You need to retain the recording for no longer than is reasonably necessary for viewing or listening to the recording at a more convenient date.

StarBlazer
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  #341791 15-Jun-2010 09:12
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bazzer: You need to retain the recording for no longer than is reasonably necessary for viewing or listening to the recording at a more convenient date.


Yes this little known fact is missed by the vast majority of people not just in NZ.  The amendment to the copyright bill also excludes format shifting for video (link) - although it is allowed for audio - short sighted in my opinion!  Imagine if they took our TV/recorders away and disconnected the satellite/cable for repeat copyright infringement!!!!

How many still have VHS tapes of films they got off the TV - or burned a DVD from a HDD recorder?  Surely moving from HDD to DVD counts as format shifting - if so why are HDD/DVD recorders even on sale as they encourage and enables people to break the law!

Unless there is express permission from the broadcaster/copyright holder (TVNZ etc) you are technically breaking the law.  However if they prosecuted everyone, we would have to build more prisons (or ship them off to another country).
</2c>




Procrastination eventually pays off.


 
 
 
 


paulspain
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  #341798 15-Jun-2010 09:29
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I use a Zune HD or Xbox 360 to watch TV content elsewhere and it works flawlesy using standard Microsoft software (such as the Zune client). It even sync's over wifi to my Zune HD - Windows Phone 7 devices will do the same when they're launched later in the year.

I have an AV dock for my Zune HD so I can also play the content on other TVs, etc when I'm travelling if I wish. At home on can watch on other TVs via the Xbox 360 Media Center Extender functionality.

This solution certainly covers everything I need to do. Clearly there is a benefit in having an entirely Microsoft based ecosystem in my case - if you want to synch to other devices then it's much more work. Unfortunately the Zune functinality wont be widely available in NZ until Windows Phone 7 devices start hitting the market.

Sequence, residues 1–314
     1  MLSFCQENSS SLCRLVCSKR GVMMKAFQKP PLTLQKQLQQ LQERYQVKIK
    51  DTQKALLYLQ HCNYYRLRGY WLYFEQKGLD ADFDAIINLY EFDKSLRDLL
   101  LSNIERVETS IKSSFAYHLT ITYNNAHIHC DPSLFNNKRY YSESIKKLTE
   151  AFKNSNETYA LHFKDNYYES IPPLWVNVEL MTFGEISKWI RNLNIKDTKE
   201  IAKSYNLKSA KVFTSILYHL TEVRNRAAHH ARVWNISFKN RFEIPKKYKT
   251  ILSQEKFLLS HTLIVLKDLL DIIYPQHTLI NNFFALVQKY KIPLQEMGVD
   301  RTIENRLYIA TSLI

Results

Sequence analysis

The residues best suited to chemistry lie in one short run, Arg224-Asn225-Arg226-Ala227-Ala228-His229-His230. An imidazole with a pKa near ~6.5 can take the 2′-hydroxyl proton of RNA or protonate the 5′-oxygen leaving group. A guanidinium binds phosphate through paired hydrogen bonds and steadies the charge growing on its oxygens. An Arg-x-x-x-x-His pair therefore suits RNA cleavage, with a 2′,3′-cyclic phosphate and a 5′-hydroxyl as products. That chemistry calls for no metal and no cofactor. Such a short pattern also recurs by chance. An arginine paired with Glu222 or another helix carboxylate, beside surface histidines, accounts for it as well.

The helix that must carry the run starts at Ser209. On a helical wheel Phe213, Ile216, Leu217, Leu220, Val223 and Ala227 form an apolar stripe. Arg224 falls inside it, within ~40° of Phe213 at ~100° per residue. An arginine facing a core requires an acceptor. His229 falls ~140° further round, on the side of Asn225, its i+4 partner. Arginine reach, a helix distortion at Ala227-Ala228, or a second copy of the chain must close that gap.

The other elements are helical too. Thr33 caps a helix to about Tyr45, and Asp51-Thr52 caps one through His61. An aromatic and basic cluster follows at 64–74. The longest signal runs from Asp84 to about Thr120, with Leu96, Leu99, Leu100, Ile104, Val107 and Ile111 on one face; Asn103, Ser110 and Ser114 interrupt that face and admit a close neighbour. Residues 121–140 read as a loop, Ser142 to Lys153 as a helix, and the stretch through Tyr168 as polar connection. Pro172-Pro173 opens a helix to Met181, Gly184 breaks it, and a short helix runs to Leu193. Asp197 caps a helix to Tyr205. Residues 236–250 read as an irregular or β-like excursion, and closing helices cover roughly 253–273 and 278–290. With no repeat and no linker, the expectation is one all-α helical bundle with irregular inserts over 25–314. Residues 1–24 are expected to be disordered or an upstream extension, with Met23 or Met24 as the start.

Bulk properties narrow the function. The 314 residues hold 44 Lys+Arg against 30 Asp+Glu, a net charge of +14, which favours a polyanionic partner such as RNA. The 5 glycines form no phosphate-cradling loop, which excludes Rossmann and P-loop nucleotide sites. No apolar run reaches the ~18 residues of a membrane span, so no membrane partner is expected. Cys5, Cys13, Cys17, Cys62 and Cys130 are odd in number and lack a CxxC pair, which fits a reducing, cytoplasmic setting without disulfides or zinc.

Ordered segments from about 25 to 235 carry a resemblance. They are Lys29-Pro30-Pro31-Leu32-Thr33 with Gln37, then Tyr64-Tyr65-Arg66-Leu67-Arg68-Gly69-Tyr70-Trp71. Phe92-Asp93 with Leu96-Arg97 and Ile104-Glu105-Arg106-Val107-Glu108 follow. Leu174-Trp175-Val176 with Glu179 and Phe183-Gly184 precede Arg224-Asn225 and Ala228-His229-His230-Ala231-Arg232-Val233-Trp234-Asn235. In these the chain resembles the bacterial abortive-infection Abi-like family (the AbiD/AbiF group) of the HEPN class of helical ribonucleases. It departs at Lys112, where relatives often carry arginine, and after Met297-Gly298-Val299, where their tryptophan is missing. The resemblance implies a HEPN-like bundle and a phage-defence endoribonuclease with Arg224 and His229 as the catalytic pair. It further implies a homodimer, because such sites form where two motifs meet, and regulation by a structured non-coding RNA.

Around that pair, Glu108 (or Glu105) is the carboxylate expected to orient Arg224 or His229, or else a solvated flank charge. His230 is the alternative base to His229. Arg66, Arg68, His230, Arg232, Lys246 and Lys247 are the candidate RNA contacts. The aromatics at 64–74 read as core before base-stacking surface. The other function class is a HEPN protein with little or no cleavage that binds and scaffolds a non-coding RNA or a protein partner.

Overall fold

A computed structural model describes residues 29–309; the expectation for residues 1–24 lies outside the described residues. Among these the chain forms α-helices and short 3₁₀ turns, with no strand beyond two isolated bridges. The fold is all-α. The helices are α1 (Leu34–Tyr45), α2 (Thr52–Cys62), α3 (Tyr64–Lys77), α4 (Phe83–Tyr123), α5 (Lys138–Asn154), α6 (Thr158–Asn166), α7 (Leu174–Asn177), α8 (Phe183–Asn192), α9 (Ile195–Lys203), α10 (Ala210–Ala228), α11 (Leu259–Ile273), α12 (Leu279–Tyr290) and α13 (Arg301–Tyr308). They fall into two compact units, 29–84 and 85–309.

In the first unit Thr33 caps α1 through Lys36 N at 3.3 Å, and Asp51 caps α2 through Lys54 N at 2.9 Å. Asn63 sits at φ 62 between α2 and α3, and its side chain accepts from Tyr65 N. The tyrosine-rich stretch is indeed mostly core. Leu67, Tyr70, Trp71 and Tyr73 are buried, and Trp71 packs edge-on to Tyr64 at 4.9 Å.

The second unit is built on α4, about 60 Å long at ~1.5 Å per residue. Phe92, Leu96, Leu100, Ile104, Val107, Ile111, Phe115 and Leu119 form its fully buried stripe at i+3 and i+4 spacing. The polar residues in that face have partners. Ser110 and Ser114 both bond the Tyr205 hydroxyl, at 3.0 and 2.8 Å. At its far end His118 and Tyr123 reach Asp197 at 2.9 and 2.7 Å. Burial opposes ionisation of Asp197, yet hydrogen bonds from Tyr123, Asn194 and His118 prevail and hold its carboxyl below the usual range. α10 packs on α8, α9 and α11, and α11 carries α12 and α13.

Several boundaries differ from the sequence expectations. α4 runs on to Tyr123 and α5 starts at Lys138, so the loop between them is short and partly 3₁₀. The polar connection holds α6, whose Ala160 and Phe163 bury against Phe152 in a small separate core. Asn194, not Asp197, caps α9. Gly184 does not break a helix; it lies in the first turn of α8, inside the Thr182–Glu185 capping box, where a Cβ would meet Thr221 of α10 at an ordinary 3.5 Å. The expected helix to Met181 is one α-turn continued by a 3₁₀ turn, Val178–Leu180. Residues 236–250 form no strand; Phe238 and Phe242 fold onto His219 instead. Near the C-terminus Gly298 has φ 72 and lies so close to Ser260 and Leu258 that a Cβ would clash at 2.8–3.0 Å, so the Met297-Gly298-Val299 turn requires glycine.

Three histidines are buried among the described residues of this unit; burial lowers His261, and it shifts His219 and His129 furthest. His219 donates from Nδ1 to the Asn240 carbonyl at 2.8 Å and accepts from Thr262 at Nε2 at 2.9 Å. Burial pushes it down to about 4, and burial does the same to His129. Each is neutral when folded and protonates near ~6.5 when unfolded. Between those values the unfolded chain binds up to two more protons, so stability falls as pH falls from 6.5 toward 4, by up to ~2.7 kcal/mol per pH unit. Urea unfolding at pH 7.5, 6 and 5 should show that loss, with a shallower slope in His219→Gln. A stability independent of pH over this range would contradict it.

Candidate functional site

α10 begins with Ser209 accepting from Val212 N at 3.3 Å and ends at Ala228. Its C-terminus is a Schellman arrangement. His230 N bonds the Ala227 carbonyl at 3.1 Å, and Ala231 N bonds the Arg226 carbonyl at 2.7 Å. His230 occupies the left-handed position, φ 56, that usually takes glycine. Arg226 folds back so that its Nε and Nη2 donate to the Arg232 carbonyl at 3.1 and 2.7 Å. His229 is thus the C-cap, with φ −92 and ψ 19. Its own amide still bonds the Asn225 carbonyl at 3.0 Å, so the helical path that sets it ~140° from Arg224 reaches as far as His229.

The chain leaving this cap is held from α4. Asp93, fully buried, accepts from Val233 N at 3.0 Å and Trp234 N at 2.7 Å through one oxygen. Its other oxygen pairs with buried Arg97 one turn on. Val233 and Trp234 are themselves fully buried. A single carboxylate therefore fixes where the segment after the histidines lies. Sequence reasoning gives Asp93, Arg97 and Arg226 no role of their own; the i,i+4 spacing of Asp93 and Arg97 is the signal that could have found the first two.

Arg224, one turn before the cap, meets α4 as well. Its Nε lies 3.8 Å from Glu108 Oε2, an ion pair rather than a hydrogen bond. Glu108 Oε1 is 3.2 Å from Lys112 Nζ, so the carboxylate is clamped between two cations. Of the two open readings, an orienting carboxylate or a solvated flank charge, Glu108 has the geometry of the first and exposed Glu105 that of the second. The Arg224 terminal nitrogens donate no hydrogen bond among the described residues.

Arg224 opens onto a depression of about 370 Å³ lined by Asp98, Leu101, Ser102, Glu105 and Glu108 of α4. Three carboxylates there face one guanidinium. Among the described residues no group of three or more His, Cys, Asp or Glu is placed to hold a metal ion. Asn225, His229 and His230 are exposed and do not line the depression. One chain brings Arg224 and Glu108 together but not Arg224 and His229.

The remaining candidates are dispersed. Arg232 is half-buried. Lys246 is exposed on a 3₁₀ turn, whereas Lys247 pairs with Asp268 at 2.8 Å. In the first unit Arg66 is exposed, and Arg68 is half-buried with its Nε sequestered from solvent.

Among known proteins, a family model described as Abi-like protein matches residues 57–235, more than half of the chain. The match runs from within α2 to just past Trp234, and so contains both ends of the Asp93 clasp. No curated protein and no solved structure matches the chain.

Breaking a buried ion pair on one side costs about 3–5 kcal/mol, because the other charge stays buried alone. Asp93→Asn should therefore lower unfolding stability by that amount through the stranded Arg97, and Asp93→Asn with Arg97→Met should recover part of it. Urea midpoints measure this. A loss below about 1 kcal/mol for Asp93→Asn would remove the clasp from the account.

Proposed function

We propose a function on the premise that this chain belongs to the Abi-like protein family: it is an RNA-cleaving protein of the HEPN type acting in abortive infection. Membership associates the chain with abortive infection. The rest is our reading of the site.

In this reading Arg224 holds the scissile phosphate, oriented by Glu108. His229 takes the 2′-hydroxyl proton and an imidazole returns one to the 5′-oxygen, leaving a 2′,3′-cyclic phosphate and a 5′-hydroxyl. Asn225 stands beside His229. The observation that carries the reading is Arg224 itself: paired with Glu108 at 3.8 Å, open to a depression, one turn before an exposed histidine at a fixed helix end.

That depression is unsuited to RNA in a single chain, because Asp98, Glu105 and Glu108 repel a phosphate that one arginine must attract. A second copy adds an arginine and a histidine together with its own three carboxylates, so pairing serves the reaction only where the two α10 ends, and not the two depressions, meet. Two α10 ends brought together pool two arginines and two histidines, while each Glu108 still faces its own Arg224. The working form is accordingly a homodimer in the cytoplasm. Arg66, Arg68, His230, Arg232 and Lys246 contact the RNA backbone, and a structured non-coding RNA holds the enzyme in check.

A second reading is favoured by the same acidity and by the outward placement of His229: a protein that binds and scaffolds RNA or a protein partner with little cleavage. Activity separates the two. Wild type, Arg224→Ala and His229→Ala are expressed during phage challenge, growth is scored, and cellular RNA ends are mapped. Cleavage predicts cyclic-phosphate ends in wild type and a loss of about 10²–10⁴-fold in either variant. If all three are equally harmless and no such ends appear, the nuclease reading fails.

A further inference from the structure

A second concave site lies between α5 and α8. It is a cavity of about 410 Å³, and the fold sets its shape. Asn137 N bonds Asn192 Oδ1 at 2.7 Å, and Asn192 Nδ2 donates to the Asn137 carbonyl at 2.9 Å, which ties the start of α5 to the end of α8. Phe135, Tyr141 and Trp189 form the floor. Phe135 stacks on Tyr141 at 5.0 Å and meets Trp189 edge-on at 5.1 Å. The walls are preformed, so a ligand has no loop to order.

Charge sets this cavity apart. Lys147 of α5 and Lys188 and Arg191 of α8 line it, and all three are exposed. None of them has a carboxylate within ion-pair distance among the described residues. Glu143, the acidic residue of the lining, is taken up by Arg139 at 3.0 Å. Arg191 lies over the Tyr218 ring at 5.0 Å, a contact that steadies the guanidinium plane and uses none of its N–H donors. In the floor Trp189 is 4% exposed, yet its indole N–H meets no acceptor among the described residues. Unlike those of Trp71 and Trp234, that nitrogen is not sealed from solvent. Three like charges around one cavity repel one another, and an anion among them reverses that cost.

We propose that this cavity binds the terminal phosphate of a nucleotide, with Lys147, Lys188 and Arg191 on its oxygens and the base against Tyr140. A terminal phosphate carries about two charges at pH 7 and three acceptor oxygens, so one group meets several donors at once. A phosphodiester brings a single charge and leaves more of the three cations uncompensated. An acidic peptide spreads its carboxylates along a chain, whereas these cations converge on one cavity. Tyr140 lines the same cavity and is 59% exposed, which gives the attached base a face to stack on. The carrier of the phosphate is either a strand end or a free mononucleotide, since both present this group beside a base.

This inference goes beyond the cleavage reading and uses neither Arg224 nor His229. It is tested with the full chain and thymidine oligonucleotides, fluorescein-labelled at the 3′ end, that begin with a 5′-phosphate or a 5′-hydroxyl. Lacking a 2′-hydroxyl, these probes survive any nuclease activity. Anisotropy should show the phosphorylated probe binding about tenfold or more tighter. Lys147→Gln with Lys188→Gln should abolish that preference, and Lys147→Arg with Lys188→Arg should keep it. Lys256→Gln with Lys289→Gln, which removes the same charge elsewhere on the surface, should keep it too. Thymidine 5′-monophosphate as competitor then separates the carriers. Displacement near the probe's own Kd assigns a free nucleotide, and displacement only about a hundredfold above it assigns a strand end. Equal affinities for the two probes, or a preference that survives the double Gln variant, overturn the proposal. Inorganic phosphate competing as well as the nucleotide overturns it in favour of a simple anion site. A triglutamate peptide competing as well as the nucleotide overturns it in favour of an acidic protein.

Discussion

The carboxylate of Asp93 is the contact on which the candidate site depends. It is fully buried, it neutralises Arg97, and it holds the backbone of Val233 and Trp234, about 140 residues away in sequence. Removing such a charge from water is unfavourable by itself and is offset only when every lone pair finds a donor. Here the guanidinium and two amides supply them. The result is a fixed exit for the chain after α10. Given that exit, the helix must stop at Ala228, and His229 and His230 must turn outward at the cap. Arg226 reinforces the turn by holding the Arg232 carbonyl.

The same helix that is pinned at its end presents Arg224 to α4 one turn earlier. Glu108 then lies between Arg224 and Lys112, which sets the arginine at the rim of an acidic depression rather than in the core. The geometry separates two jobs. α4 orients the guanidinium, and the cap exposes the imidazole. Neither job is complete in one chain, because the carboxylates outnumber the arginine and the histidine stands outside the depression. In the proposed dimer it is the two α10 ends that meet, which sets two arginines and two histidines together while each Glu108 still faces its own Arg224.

Paul Spain
Founder: Gorilla Technology, NZ Tech Podcast


sbiddle
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  #341892 15-Jun-2010 12:28
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As pointed out there is no way to reencode WTV files.

If you want to do this your best bet is to use other TV software that records in standard .TS (MPEG transport stream).

bazzer
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  #341904 15-Jun-2010 13:08
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Can you right-click the WTV and convert to DVRMS?

Kraven
632 posts

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  #341910 15-Jun-2010 13:16
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bazzer: Can you right-click the WTV and convert to DVRMS?


Nope, this doesn't work with h.264 files.

anandpatel18

54 posts

Master Geek


  #342016 15-Jun-2010 17:23
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Thanks for all the help. It looks like I'll just have to deal with the .wtv format as I can't use
another tv recording software bcos I use windows media center to stream live tv to my xbox.

petermcg
57 posts

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  #342028 15-Jun-2010 18:11
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When I Google
.wtv converter
there seem to be a few options there, do these ones not work,, Peter

1080p
1332 posts

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  #342061 15-Jun-2010 19:38
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Yep, there is no way to convert H.264 content which is within the .wtv container at the moment. There is someone working on reversing the format but that will be a little way off I would imagine; hex dumping and all.

@bazzer
Thanks for the run down on the copyright act. I generally deliberately copyright legislation as I think the law has gone above and beyond what copyright was originally intended to be. I think infringing on another person's/company's intellectual property (be it software, hardware or otherwise) for commercial gain is thoroughly and totally illegal and should be punished to the full extent of the law. That is about where I feel copyright legislation should end, however. Extending this legislation to cover personal use is just absurd. How can I possibly affect a company's sales or reputation by copying a DVD I have already purchased from them or storing the digital representation of a CD I own on multiple servers in my own home? Making acts like this illegal offends my sense of justice.

I think clauses like the one prohibiting storing the recording for longer than is reasonable for watching is also odd. Why should I have to delete a recorded program because I have watched it?

I'll stop the off topic rant now as this is probably for another thread; suffice to say that current copyright law has some serious logical flaws in my opinion and needs a grand re-write.

burtz
152 posts

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  #342209 16-Jun-2010 10:03
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I have no problem converting h264 .wtv files recorded from DVB-T in Windows 7 Media centre.  I use Windows Movie Maker and if I want to put them on DVD I just use Windows DVD Maker.

 I haven't found any other third party software that can handle our files without sync issues.